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A Chief Justice in Alabama Won't Tolerate Non-Christian Lifestyles

Monday, 05 May 2014 10:30 By Kevin Mathews, Care2 | News Analysis
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Judge with gavel(Image: Judge with gavel via Shutterstock)You wouldn’t believe the kind of things Roy Moore, Alabama’s Supreme Court Chief Justice, said at a Pastor for Life Luncheon this week. (Well, maybe you would, but that doesn’t make it any better.) A video of Moore’s speech on Raw Story shows the Chief Justice declaring the Christian faith the one true religion, while simultaneously belittling other faiths.

“Buddha didn’t create us, Mohammed didn’t create us, it was the God of the Holy Scriptures,” Moore said. “They didn’t bring the Koran over on the pilgrim ship. Let’s get real, let’s go back and learn our history. Let’s stop playing games.”

Furthermore, Moore – the highest judge in the state, mind you — derided “secular law” and said that the United States “lost its way” when it started removing God from governmental decisions and stopping prayer in schools and during political meetings. “You can’t be happy unless you follow God’s law,” Moore told the crowd.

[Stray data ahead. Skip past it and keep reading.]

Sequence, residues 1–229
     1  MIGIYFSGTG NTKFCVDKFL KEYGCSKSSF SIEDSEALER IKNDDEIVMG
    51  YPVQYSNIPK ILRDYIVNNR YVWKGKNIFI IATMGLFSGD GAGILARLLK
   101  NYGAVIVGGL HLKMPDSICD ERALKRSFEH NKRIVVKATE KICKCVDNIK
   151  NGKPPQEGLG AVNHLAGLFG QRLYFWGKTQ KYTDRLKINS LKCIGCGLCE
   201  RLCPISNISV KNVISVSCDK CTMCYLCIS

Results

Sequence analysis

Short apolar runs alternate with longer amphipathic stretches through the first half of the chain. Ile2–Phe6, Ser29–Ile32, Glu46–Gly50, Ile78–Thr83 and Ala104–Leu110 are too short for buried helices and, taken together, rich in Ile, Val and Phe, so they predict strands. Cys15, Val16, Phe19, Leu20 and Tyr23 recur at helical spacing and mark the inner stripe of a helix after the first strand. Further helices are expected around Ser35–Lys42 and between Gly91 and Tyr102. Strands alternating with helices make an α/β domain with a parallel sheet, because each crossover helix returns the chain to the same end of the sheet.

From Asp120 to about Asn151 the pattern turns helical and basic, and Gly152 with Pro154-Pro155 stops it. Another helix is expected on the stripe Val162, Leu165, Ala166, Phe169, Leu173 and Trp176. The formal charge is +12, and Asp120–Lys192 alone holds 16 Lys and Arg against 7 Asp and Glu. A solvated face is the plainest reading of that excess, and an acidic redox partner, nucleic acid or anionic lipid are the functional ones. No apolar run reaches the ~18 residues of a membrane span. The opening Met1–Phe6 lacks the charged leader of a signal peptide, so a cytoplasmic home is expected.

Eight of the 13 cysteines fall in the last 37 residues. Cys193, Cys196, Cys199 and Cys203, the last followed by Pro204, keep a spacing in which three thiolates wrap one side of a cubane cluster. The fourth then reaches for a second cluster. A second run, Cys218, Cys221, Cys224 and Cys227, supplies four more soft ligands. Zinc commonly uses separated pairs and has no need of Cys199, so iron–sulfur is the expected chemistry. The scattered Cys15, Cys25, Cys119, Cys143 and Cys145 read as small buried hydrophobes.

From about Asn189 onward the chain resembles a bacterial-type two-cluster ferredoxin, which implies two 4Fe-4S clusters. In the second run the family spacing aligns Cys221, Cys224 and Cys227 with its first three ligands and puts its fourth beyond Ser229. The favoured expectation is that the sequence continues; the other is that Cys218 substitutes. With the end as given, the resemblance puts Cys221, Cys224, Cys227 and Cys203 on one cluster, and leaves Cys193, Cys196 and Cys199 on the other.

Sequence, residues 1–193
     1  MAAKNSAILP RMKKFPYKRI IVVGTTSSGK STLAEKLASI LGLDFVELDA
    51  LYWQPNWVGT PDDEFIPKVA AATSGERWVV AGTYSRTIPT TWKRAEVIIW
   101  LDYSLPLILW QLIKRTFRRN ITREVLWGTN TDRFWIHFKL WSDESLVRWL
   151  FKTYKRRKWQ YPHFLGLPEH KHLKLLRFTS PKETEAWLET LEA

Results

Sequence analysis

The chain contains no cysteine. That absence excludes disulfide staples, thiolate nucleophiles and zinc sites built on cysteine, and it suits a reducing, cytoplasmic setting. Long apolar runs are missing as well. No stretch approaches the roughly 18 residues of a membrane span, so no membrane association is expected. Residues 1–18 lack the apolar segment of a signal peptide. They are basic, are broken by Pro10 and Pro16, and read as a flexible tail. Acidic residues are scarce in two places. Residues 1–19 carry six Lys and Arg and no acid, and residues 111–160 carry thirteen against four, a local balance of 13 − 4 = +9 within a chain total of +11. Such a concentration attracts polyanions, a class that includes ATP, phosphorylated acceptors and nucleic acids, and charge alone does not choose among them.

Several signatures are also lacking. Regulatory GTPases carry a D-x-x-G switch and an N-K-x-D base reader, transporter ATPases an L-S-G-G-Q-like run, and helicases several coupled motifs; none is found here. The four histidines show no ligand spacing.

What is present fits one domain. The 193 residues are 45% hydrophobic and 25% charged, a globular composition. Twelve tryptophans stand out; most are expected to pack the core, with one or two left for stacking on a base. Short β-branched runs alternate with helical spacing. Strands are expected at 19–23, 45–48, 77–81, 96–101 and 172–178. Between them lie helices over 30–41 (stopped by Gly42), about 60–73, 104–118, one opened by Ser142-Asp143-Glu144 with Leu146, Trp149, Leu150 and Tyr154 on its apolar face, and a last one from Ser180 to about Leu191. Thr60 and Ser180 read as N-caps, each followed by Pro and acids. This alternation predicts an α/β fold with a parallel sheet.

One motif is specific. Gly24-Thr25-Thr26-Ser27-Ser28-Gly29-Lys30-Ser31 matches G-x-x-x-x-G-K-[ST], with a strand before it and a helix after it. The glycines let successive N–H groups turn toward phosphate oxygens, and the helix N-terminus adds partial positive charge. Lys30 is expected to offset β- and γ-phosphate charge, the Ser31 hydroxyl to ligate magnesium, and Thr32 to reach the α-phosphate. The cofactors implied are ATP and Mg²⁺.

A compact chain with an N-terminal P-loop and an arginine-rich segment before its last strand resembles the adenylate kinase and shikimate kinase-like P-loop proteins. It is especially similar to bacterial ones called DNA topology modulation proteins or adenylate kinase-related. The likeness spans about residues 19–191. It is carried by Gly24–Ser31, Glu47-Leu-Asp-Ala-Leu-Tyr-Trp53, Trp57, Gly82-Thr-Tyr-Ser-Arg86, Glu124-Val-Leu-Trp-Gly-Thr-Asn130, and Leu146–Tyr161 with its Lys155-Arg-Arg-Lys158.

How can a man who only respects his own religion be expected to protect the religious rights of others in his state? Similarly, how can a man who admittedly puts his faith above the nation’s laws be expected to interpret the law correctly?

Since it was an anti-abortion gathering, Moore shared plenty of controversial views on reproductive rights. Though same-sex marriage wasn’t the crux of his speech, Moore bemoaned the idea of two men marrying in a chapel, too.

This speech is hardly the first time Chief Justice Moore has shared these types of outspoken views. In February, he made headlines for writing letters to all 50 U.S. governors, begging them to implement a constitutional amendment to ban same-sex marriage. Alas, his requests seemed to largely fall on deaf ears.

Back in 2000, Moore was in the news for erecting a monument of the Ten Commandments inside the state judicial building. When a federal judge declared that it must be taken out, Moore refused to comply and state courts removed him from office for disobeying a higher court’s verdict. After nearly a decade hiatus, however, Moore ran for judge again in 2012 and won re-election thanks to Alabama’s conservative voter base. Thus far, he has not attempted to reinstall the Ten Commandments in his place of work.

Alabama residents who don’t prescribe to a strict Christian lifestyle best hope they don’t find themselves in front of the Supreme Court because Moore is admittedly biased. It’s a wonder how such a high-ranking judge could mistake Freedom of Religion for forcing everyone to live by the rules of his own religion.

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